Martha Dodd (code name "Liza" or "Juliet #2") was the daughter of the ambassador
(1933-1938) William Dodd
and a covert Soviet
agent. As his child she influenced her father's actions and reported on his personal correspondence. Dodd was also a good friend of Eleanor Roosevelt
, and the Soviets were very interested in information regarding "The Captain" (their code name for FDR
Martha was a romantic communist and very sexually independent woman. In fact according to one of her Soviet handlers: (p 64)
"Having once started, Martha, as in the past, talked quite freely… Martha's life in Berlin can be summed up in one word-"sleep." Seemingly, she spent most of her time in bed. In addition to the Russian or Russians, she had slept with a full-blown fascist-General Ernest Udet, second in command (after Goering) of the German air force; Louis Ferdinand, grandson of the Kaiser; and some guy at the French embassy in Berlin. (A real internationalist!)"
Despite her promiscuity
Dodd, once she met him, only had eyes for one man: Boris Vinogradov
. Vinogradov was a Soviet embassy official in Berlin. Once Dodd showed interest in him, Moscow advised using her to get American intelligence
The Russians strung Dodd along, frequently promising her that Vinogradov would marry her. However after not hearing from him for some time (she was told he was transferred to other diplomatic work where he could not contact her, but in fact was in the process of being purged), she married American millionaire, and fellow communist agent Alfred Stern.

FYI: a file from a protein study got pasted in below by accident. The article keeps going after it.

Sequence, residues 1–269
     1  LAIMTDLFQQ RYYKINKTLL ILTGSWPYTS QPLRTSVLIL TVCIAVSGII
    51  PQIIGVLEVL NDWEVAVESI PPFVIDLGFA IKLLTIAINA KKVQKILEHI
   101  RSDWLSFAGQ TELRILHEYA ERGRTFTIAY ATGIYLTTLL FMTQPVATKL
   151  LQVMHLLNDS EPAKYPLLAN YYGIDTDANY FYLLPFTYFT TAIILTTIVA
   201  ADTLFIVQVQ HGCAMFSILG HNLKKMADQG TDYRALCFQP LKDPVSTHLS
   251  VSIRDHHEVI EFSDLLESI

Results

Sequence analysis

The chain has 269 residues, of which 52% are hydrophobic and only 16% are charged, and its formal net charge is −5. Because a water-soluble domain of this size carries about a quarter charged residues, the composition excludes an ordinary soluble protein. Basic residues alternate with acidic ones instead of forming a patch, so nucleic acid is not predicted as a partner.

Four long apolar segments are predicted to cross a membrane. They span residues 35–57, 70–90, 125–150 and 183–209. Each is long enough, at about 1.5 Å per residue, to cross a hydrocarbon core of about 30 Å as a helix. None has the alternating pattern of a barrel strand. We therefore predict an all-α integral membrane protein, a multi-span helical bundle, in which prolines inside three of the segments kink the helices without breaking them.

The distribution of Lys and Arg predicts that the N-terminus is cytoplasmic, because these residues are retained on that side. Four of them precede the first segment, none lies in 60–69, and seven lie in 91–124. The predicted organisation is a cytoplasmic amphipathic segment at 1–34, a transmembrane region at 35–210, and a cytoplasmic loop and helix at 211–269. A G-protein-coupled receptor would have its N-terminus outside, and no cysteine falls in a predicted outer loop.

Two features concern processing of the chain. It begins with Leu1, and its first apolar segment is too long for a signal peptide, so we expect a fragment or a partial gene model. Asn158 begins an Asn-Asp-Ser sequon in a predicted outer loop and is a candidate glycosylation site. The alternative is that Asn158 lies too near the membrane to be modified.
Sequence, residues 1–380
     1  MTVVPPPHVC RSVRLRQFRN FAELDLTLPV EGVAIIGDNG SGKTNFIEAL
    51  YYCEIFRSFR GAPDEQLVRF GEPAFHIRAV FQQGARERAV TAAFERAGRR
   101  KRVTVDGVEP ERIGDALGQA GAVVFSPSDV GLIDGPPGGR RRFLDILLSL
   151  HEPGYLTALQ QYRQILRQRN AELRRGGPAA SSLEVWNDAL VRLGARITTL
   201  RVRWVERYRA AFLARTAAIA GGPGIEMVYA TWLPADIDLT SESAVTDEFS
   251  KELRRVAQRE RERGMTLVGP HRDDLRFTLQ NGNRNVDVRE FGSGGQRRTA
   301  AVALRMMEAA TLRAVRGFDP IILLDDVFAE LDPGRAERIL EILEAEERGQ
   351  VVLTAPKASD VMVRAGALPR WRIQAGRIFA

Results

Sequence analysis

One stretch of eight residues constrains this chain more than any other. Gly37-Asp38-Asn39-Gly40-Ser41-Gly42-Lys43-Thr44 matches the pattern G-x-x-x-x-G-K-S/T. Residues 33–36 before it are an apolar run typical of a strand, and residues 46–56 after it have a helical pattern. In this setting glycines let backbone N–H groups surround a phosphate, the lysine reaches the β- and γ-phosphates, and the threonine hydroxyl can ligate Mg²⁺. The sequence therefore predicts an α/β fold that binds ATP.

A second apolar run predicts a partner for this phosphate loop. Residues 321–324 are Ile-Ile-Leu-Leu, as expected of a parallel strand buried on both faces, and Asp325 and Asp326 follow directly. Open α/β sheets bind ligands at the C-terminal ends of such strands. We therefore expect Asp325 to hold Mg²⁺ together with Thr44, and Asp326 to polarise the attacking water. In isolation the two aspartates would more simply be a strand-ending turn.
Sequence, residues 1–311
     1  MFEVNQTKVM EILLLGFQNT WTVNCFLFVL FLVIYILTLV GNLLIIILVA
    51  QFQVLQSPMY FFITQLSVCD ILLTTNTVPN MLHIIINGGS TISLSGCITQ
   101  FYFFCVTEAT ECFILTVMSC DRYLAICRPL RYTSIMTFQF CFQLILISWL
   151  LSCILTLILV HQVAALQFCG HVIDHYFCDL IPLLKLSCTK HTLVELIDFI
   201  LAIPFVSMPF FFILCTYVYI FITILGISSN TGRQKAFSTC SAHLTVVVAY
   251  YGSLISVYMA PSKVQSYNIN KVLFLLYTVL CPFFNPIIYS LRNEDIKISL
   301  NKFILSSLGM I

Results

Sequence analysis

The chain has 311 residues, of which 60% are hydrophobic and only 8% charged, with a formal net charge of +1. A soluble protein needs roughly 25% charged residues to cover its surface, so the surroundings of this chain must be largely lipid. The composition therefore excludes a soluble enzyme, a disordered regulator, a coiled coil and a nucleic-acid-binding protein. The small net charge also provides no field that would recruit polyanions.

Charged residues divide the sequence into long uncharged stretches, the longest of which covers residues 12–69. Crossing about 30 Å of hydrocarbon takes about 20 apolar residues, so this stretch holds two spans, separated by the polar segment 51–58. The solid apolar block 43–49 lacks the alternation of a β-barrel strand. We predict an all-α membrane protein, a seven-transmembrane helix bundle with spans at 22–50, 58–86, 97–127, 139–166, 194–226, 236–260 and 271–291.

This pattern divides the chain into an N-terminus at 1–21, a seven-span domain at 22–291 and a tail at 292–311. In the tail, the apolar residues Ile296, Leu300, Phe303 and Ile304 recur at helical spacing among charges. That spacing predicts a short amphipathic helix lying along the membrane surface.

Dodd's intelligence career ended when she and her husband fled America for Mexico on July 20, 1956. She and her husband fled when Boris Morros named them as spies. It's also interesting to note that 18 years earlier, in 1938, Whittaker Chambers also named her, but by that point most of Dodd's most intensive spying was already over and the FBI could not make a case.
After Mexico, Stern and Dodd lived in the Soviet Union, but found it not to their liking and moved to Havana, Cuba where they stayed from 1963 to 1970. However, Cuba still did not meet their hopes and they moved on to Czechoslovakia where they spent the rest of their lives. Isn't it odd that while romantically idealistic about communism, they had a difficulty living under it?
Source: The Haunted Wood: Soviet espionage in America - The Stalin Era
By Allen Weinstein and Alexander Vassiliev